Your Role as a Parent
Cub Scouting encourages closeness to family. The program will give you
opportunities to take part in activities with your son that you normally
couldn't do. It provides a positive way for parent and son to grow closer
together, and encourages you to spend quality time together. In this way,
Cub Scouting is a program for the entire family, and your involvement is
vital to the program's success.
Some specific things you can do to help your son in Cub Scouting
- Work with your son on projects
- Help your Cub Scout along the advancement trail
- Participate in monthly pack meetings
- Attend parent-leader conferences
- Go on family campouts with your son
- Provide support for your son's den and pack
The Cub Scout years are developing years for young boys, falling between
the dependence of early childhood and the relative independence of early
adolescence. As he grows, your son will gain the ability to do more things
"on his own," but at this stage of his development, your help is
Work with your son on projects
Boys often start projects at den meetings and finish them at home with
the help of a parent. Such projects become the catalyst for parents and
boys—often joined by siblings and friends—to interact with each
other in an informal, relaxed way.
Because the purpose of projects is to teach a boy new skills, a project
will challenge a boy to do tasks that he hasn't currently mastered. It's
not uncommon, therefore, for a boy to need help from his family to do some
of his projects. In Cub Scouting, boys are not expected to do things entirely
on their own. So long as a boy does his best to do as much as he's capable
of, it's perfectly acceptable for a parent or sibling to help him with the
tasks he's unable to do on his own.
Help your son along the advancement trail
The advancement plan is designed for parents to use to create a learning
environment in their home. With the Cub Scout handbooks as a resource, parents
and boys work together to do the achievements required for each badge. The
advancement plan provides fun for the boys, gives them a sense of personal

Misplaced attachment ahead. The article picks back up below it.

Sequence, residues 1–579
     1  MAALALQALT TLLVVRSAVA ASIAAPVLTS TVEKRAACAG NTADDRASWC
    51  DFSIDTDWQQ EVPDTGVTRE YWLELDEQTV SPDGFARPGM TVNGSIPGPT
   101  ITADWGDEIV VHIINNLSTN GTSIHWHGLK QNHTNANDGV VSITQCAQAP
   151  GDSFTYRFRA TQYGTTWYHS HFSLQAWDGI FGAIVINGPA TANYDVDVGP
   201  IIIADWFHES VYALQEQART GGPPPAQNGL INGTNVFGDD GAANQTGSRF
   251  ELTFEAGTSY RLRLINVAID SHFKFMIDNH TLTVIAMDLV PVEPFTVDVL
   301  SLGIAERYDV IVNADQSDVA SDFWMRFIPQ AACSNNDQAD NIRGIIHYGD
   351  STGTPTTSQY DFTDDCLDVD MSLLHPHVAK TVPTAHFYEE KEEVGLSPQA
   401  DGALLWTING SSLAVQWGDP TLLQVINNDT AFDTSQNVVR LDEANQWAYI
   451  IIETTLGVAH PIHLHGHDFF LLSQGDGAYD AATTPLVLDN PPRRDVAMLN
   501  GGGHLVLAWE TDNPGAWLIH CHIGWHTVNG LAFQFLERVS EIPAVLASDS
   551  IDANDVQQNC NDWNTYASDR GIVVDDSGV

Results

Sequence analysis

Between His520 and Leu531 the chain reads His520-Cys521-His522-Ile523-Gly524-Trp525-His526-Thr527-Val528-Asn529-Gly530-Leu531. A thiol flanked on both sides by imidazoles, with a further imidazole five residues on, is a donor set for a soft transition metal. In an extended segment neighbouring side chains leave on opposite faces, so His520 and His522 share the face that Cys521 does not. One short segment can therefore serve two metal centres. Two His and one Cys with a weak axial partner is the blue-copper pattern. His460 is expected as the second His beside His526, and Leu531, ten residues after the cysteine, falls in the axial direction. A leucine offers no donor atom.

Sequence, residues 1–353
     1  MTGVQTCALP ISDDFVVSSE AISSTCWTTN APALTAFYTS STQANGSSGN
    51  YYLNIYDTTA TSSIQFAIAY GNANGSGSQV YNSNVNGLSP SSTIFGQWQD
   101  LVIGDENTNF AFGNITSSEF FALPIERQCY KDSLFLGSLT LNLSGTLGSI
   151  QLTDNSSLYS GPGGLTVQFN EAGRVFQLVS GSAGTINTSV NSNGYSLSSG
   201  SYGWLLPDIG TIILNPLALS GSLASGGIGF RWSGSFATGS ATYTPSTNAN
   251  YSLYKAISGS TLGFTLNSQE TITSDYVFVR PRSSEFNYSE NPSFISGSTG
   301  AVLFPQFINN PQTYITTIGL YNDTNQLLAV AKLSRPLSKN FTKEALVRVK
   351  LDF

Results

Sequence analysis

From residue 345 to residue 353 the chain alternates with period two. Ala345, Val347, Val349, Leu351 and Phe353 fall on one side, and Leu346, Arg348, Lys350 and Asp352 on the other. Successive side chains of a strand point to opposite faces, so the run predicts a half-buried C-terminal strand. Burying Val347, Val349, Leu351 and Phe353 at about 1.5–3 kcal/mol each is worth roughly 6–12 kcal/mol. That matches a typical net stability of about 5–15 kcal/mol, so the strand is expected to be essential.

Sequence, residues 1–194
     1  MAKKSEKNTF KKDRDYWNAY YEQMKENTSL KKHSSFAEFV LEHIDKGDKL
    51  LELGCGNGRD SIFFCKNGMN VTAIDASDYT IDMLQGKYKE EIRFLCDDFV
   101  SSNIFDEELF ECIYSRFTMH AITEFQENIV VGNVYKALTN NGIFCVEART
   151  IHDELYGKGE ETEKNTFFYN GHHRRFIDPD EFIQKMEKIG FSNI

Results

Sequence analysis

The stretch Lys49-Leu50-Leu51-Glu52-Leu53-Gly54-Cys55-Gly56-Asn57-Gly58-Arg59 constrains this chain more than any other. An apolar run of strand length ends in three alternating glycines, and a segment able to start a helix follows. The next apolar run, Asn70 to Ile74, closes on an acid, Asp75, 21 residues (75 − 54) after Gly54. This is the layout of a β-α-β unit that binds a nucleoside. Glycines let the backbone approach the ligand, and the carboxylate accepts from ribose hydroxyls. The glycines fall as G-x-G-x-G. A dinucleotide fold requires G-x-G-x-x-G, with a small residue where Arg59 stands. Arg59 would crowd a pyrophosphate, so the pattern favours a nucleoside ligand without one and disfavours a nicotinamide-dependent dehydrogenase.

achievement as they earn badges, and strengthens family understanding as
adult family members work with boys on advancement projects.
While Cub Scouts will learn skills and begin work on projects in their
weekly den meetings, the parent remains at the center of the advancement
program. As each task is done or each skill is demonstrated, the parent
signs the Cub Scout's handbook to record its completion. And when the boy
has completed all the requirements to earn an award, the parent presents
that award at the next monthly pack meeting.
Participate in monthly pack meetings
The weekly den meetings are for Cub Scouts and their adult leader. The pack
meeting is for the entire family of every Cub Scout. At pack meetings, parents
see their sons in action with their friends, meet other parents, and join with
neighbors in caring and sharing. These types of opportunities are scarce, and
pack meetings highlight how Cub Scouting teaches boys cooperation and
The pack meeting is also a monthly showcase for all that the boys have worked
on in their den meetings. Craft projects are on display, skills are demonstrated,
and skits are performed to show the boys' command of the monthly theme. While
boys at this age seem to be struggling toward independence, having the approval
of their parents and other adults whom they admire remains important to
them—so your presence at these meetings is critical to underscore the
importance of the lessons your son has learned.
Attend parent-leader conferences
Held at various times throughout the year, parent-leader conferences
provide opportunities for you to discuss your son's participation and
expectations of den and pack meetings. Such conferences can help your
son get the most from his Cub Scouting experience, and they give you
the chance to communicate with pack leaders, to share knowledge and gain
the awareness needed to work as a team to help your son succeed.
Go on family campouts with your son
Besides being fun, family camping is a chance for quality time together and
an enriched family life. This program is a recreational opportunity—it's
not on a tight time schedule. Family leadership rests with the adult member(s).
This leadership might be yielded from time to time as the family chooses to
take part in activities, such as swimming, where specific camp policies must
be followed for safety and proper operation.
Provide support for your son's den and pack
It's important to remember that the adult leaders of your son's den and pack
are volunteers who give their own time to provide a quality program for your
son. While they have been carefully selected and extensively trained for their
roles, there are always times when they could use help from parents in the
Pack events such as the pinewood derby, blue and gold banquet, or field days
take a lot of effort—more than the monthly meetings. The pack's leaders
would likely welcome any help you can give. Likewise, den leaders will be
grateful to parents who can lend a hand with field trips and outings. By
pitching in as needed, you can show your son the importance of helping others.
So be on the lookout for opportunities for you to help the den, the pack,
and its leaders.